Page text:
Stanford study into “Zoom Fatigue” explains why video chats are so tiring

Fascinating article on the science of so-called “Zoom Fatigue”…
A new study from Stanford University communications expert Jeremy Bailenson is investigating the very modern phenomenon of “Zoom Fatigue.” Bailenson suggests there are four key factors that make videoconferencing so uniquely tiring, and he recommends some simple solutions to reduce exhaustion.

Negative derivatives pricing

In my “Properties of Stock Options” lecture note, a particularly important theorem relates to the notion that derivatives (options) prices must be non-negative.  Interestingly, back in April 2020, prices for oil futures contracts actually turned negative; see the Wall Street Journal article entitled “U.S. Oil Costs Less Than Zero After a Sharp Monday Selloff” (an ungated PDF version is available at https://bit.ly/oilpriceshock). Quoting from that article, “The unusually large difference in price between oil for delivery in May and later has traders filling up tankers and setting them adrift.” Basically, if you had the means to store oil in the meantime, (e.g., offshore in a very large crude carrier) it made a lot of financial sense to be paid to assume ownership of the (negatively priced) May 2020 contract, and sell a later dated futures contract at which time you could deliver the goods! Apparently, somewhere off the coast of South Africa was an especially popular place to anchor due to its relatively equidistant access to markets in Asia, Europe, and the Americas.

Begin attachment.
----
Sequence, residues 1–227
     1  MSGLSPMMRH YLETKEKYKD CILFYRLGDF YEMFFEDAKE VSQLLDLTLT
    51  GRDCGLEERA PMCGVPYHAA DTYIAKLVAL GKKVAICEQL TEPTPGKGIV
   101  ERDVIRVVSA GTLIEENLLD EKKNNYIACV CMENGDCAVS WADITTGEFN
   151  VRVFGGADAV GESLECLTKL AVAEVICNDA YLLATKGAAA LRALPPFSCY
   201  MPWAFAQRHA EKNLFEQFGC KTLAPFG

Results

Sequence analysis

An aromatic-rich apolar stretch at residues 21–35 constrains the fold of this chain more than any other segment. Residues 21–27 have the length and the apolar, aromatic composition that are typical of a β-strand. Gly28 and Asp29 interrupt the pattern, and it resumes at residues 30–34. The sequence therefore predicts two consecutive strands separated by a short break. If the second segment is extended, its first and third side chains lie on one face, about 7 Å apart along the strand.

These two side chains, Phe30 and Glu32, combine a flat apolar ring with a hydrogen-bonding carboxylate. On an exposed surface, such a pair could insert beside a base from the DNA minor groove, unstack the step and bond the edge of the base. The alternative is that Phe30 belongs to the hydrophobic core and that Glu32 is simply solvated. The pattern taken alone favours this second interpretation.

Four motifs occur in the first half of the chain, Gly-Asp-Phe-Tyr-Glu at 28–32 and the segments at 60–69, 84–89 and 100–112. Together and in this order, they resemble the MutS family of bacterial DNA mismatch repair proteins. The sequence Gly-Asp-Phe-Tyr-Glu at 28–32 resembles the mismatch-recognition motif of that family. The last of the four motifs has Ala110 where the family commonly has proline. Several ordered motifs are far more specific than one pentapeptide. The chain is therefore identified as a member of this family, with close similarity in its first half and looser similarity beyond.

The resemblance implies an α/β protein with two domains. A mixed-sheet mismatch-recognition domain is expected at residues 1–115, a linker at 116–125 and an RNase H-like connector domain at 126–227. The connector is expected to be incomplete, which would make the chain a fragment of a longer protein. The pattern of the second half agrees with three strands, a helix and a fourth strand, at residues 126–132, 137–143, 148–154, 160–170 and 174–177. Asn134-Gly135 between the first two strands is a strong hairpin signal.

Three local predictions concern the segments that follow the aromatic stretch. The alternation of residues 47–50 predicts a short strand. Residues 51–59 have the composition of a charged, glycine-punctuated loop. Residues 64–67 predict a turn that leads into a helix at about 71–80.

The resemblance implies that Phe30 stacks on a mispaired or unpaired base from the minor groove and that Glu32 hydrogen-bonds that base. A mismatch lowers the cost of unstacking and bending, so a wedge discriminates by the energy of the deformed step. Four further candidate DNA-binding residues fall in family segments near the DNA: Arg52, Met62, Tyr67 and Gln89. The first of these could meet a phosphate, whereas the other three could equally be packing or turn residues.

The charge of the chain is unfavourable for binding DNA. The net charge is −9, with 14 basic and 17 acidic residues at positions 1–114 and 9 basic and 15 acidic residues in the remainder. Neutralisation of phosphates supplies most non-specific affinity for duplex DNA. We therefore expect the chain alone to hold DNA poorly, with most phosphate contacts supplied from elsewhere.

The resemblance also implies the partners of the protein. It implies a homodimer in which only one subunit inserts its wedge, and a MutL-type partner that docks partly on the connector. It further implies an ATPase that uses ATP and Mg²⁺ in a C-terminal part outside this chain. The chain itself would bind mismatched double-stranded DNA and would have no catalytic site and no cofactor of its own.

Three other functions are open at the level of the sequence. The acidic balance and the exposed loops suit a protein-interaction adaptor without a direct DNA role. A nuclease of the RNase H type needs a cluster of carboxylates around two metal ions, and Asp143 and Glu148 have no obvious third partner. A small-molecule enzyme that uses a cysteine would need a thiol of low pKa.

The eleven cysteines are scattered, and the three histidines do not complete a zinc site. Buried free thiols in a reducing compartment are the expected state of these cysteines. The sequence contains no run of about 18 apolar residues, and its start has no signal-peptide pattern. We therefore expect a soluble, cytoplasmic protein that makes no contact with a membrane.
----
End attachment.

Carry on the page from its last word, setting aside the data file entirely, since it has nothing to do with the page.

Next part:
In closing, the following related video from wsj.com is well worth 95 seconds of everyone’s time!

U.S. oil futures plunged below zero for the first time in history, signaling the little storage capacity there is. WSJ’s Spencer Jakab explains how we got here and what to expect next.

Change of plans for this Tuesday’s Finance 4366 class meeting

The Electric Reliability Council of Texas (AKA “ERCOT”) issued a press release earlier today (see http://www.ercot.com/news/releases/show/225151) warning of possible “rotating outages” statewide for today, Monday, and Tuesday. Rather than roll the dice that we (students and faculty alike) will all have online access on Tuesday, from 11 am – 12:15 pm, I will post a recorded lecture based on my “Properties of Stock Options” lecture note in place of a real-time, synchronous class meeting that day. This recorded lecture will be made available in the Media Gallery section of the Finance 4366 Course Canvas page sometime tomorrow.

In the meantime, if you have questions about any aspect of Finance 4366, point your device’s browser to “appointment.garven.com” and set up a Zoom appointment with me there. Given the current statewide climate event (which I have nicknamed “Icepocalypse 2021”), I figure that the odds of just two people having a successful synchronous Zoom meeting (particularly on Tuesday) are much better than the odds of a couple of dozen people doing so.